However, to date there have been limited data on assessing if HIV-positive individuals on ART in urban areas of resource poor settings experience diminished inhibition to avoid risky sexual behavior (Bunnell et al., 2006). Data from developed countries among high risk groups such as men who have sex with men suggest the possibility that they may experience diminished inhibition to avoid risky sexual behavior after initiating ART, although such data are limited for heterosexual individuals living with HIV/AIDS on ART (Centers for Disease Control and Prevention, 1999, 2003; Crepaz, Hart, & Marks, 2004; Dilley, Woods, & McFarland, 1997; Dodds, Nardone, Mercey, & Johnson, 2000; Katz et al., 2002; Stolte & Dukers, 2003; Yamey, 2001). Any increase in unprotected sex among the HIV-positive population following the introduction of ART may have unintentional consequences on the HIV/AIDS epidemic if not appropriately addressed through prevention interventions (Salomon et al., 2005).

Furthermore, there have also been limited data to this point on the determinants of risky sexual behavior among men and women aware of their HIV-positive status in sub-Saharan Africa, especially comparing those on ART with those not yet on treatment. Such studies among HIV-positive individuals in South Africa have shown determinants of unprotected sex to include: shorter duration of illness, denial of HIV status, alcohol use at sex, nondisclosure of HIV status to sex partner, HIV-positive partner, forced sex and having a casual partner (Kiene et al., 2006; Olley, Seedat, Gxamza, Reuter, & Stein 2005; Simbayi et al., 2007a). The characteristics associated with unprotected sex among HIV-positive populations aware of their status outside sub-Saharan Africa include alcohol/drug use during sex, HIV disclosure, having a casual partner, unknown HIV status of partner and depression (Crepaz and Marks, 2003; Eich-Hochli, Niklowitz, Clement, Luthy, & Opravil, 1998; Kalichman, 1999; Kelly et al., 1993; Kennedy et al., 1993; Marks and Crepaz, 2001).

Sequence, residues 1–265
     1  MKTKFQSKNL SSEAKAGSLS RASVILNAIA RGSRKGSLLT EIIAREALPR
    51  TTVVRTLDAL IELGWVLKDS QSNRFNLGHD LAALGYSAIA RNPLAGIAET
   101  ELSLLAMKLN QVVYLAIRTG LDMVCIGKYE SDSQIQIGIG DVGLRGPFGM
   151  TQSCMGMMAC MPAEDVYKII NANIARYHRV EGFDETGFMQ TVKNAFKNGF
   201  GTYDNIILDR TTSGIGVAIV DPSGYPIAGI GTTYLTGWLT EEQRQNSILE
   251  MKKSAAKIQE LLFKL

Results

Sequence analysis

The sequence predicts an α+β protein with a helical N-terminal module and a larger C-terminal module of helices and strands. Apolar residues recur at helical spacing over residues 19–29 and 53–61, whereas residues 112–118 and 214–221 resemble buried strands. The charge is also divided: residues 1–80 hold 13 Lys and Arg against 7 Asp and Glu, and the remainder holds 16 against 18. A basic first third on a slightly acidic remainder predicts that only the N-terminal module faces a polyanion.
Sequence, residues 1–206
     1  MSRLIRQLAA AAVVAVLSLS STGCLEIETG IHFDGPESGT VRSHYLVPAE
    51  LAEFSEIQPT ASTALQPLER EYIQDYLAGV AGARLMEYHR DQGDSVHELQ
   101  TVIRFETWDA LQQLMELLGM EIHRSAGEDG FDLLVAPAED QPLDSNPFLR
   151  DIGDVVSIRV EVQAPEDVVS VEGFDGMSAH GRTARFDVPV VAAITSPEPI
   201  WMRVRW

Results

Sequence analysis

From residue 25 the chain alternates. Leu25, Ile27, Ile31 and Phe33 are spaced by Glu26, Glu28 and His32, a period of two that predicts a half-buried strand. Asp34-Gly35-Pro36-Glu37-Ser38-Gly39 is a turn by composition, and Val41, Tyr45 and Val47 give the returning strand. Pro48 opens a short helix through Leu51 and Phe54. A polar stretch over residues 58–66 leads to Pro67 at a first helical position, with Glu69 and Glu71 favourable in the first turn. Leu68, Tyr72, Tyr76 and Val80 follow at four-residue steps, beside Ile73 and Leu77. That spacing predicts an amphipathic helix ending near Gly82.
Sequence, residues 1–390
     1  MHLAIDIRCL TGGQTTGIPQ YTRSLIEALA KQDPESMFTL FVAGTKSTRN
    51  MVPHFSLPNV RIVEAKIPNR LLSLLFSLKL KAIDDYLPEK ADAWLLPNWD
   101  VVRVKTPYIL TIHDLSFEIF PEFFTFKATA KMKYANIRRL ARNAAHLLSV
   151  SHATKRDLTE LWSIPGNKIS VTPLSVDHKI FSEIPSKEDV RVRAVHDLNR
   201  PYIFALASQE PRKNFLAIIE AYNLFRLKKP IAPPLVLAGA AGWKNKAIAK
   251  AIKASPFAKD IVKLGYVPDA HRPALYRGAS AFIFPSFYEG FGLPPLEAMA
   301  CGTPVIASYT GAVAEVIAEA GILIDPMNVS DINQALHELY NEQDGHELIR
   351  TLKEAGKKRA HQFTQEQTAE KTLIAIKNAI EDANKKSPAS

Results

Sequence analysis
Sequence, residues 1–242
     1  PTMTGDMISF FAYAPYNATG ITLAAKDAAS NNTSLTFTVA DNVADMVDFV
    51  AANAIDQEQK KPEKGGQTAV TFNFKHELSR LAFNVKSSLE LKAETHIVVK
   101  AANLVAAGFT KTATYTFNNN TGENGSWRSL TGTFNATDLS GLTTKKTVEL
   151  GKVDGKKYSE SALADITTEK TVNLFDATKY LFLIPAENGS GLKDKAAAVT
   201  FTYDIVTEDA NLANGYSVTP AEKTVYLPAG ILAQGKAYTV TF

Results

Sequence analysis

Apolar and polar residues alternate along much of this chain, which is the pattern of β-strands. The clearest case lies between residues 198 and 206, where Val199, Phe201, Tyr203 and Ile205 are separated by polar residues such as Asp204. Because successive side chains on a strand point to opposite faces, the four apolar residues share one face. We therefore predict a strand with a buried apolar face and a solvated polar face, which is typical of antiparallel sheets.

We recently completed baseline data collection for a prospective cohort study of HIV-positive individuals in Cape Town to assess if patients on ART experience decreased inhibition to avoid risky sexual behavior. We present baseline results of the prevalence of risky sexual behavior among patients just initiating and waiting to initiate ART. In order to help health officials in the Western Cape Provence design effective secondary prevention interventions among the growing population on ART, sociodemographic and behavioral characteristics associated with unprotected sex were also explored among this population.

Methods

Participants

Baseline measures of risky sexual behavior were ascertained from a census of HIV-positive patients who recently initiated ART and from HIV-positive persons not yet on treatment attending five of the largest ART public health facilities in the Cape Town metropolitan area from August–October 2006. The inclusion criteria for ART participants were having initiated ART within the previous 3 months and being at least 18 years old, while the inclusion criteria for non-ART participants were known HIV-positive status for at least 6 months, being at least 18 years old, and not having initiated ART. The majority of the study participants not yet on ART were making one of several visits to the health facility/clinic in preparation for the initiation of ART at some point in the future.